The NCSL Blog

14

By Sarah Hill

It’s not just you (or me): Housing affordability is on everyone’s mind these days.

key in lockOn Election Day, voters in six states approved ballot measures to help address housing affordability concerns—particularly for veterans.

Voters in California, Georgia, Louisiana, Oregon, Utah and Virginia said yes to an array of financing strategies, including general obligation bonds, tax exemptions and other tax reforms, and allowing municipalities to fund privately owned affordable housing developments.

Ballot Measures That Survived the Election 

California’s Proposition 1 passed with 54 percent of voters authorizing $4 billion in general obligation bonds for housing-related programs, loans, grants and projects for veterans.

California voters also approved Proposition 2 with 61 percent of the vote. Proposition 2 authorizes the state to use $2 billion in revenue bonds generated by Proposition 63 (2004) for homelessness-prevention housing for persons in need of mental health services.

Proposition 63, passed by voters in 2004, initiated a 1 percent tax on incomes over $1 million and requires the revenue be spent on mental health services. A vote of the people was required to change the use of funds.

Georgia’s Referendum B passed handedly with 76 percent of the vote. It provides that all 501(c)(3) nonprofit homes for people with mental disabilities and qualified disabled veterans be exempt from ad valorem taxation.

Voters in Louisiana approved Amendment 5 with 71 percent of the vote. This state constitutional amendment allows special property tax assessment for a home in a trust for a resident who is the settlor of the trust and is a disabled veteran, a surviving spouse of a first responder who died during their duties, active-duty member of the military, law enforcement officer or firefighter.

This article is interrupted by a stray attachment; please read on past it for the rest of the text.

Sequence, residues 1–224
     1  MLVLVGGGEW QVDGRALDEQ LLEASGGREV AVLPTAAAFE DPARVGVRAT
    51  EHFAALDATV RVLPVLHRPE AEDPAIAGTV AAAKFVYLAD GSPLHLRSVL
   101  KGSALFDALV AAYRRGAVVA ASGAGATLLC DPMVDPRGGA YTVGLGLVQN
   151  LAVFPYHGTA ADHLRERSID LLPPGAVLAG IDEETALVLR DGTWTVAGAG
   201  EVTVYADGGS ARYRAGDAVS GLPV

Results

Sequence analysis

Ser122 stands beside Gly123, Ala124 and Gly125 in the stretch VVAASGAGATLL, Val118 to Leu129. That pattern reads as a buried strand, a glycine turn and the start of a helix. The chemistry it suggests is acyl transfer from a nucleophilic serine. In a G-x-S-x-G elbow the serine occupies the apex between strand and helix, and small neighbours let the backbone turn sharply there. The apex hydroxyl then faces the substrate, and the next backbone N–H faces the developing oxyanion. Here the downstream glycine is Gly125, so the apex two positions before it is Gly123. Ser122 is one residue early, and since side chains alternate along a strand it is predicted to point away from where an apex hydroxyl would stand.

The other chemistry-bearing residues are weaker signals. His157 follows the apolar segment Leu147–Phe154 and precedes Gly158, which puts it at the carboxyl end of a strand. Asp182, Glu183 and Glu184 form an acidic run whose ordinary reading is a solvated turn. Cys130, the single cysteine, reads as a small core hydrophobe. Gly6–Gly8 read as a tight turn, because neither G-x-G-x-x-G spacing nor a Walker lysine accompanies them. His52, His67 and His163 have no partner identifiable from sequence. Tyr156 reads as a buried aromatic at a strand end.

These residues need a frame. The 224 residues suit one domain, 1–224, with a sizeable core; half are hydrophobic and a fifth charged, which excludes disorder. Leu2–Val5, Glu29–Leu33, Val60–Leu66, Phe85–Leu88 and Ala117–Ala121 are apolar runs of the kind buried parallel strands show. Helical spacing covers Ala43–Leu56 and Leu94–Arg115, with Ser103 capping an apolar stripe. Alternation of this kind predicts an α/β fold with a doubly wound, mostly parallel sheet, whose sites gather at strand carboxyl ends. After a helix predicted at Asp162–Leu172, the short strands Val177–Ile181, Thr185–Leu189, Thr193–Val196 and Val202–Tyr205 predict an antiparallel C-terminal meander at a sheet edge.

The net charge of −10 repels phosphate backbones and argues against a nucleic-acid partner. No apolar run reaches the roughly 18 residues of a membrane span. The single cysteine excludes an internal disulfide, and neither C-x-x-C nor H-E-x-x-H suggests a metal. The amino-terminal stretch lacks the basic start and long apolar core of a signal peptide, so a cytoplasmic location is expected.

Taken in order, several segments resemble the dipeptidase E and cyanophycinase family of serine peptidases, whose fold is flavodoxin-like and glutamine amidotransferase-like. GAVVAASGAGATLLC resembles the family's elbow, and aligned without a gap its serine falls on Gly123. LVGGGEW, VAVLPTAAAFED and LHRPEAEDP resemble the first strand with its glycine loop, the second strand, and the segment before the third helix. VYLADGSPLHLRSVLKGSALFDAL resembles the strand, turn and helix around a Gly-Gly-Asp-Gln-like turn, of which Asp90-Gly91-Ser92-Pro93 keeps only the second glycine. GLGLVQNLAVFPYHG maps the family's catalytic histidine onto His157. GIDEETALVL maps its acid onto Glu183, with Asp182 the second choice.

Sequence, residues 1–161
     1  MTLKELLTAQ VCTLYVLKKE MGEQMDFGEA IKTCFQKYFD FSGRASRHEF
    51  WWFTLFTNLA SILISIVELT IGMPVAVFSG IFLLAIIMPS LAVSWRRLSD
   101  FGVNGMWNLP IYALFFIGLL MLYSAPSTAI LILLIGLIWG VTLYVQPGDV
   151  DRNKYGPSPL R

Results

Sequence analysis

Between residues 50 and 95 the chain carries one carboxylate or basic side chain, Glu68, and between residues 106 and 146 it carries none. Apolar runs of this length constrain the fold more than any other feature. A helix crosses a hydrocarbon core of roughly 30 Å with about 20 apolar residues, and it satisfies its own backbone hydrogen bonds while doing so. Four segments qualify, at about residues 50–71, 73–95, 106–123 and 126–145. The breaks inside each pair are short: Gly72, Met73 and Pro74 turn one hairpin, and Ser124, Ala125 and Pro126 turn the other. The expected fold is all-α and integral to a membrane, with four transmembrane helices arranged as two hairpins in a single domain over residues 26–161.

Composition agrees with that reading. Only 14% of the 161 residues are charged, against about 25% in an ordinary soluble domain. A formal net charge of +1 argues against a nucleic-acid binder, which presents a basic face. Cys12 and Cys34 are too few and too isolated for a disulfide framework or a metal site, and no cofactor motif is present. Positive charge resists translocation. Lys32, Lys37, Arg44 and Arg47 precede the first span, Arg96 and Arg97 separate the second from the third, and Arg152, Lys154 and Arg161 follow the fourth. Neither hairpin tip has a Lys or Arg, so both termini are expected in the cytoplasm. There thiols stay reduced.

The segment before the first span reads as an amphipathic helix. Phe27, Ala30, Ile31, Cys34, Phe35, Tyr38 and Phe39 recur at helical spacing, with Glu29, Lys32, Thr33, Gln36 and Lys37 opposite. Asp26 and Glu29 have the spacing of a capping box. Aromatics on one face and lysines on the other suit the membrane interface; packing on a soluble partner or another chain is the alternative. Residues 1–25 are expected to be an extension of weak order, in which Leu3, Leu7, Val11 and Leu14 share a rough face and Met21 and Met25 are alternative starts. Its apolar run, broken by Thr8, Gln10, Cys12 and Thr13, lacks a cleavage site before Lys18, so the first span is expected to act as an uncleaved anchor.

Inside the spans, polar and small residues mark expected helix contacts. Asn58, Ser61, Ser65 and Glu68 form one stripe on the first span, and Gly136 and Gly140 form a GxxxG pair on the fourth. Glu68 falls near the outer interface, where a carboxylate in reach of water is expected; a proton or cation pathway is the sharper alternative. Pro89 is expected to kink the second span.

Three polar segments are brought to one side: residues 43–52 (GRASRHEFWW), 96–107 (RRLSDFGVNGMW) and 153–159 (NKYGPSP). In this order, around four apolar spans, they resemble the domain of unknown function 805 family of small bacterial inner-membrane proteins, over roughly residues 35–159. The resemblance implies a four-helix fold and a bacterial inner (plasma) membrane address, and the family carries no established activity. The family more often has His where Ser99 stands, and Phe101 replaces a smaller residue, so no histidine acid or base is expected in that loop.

Voters in Oregon approved Measure 102 by 56 percent. This state Constitutional amendment allows municipal corporations to use bonded indebtedness to finance capital costs of affordable housing, with certain limitations. The state constitution did not previously allow bond revenue to be used in projects with private owners or stakeholders.

With 78 percent of the vote, Utah voters approved state Constitutional amendment A. This amendment modifies a provision relating to a property tax exemption for active-duty personnel and spouses and to shorten the time of service required to qualify for a property tax exemption.

Finally, Ballot question No. 2 passed with 84 percent of the vote in Virginia to remove place-of-residence restrictions for spouses of disabled veterans to receive a tax exemption. Previously, surviving spouses had to reside in the home of their deceased spouses. This legislatively-referred state Constitutional amendment removes this restriction so that surviving spouses can move to a new primary residence and retain this benefit.

Ballot Measures That Didn’t Make the Cut

California had two other measures on the ballot that did not pass, Proposition 5 and Proposition 10. Those sought to lower the amount of property tax collected from new homebuyers age 55 and older and would have repealed certain rent control provisions respectively.

Check out NCSL’s State Ballot Measures database for more information on these and other ballot measures.

Not on the Ballot: Evictions

According to 50-state data collected and analyzed by the EvictionLab at Princeton University, widespread evictions are forcing more and more families onto the streets and into cycles of instability. Are we experiencing an eviction epidemic? You decide. Listen to NCSL’s podcast with New York Times bestselling author and Nobel Prize recipient Matthew Desmond.

Sarah Hill is a research analyst with NCSL’s Children and Families Program. She covers affordable housing, homelessness, family law and anti-poverty issues.

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About the NCSL Blog

This blog offers updates on the National Conference of State Legislatures' research and training, the latest on federalism and the state legislative institution, and posts about state legislators and legislative staff. The blog is edited by NCSL staff and written primarily by NCSL's experts on public policy and the state legislative institution.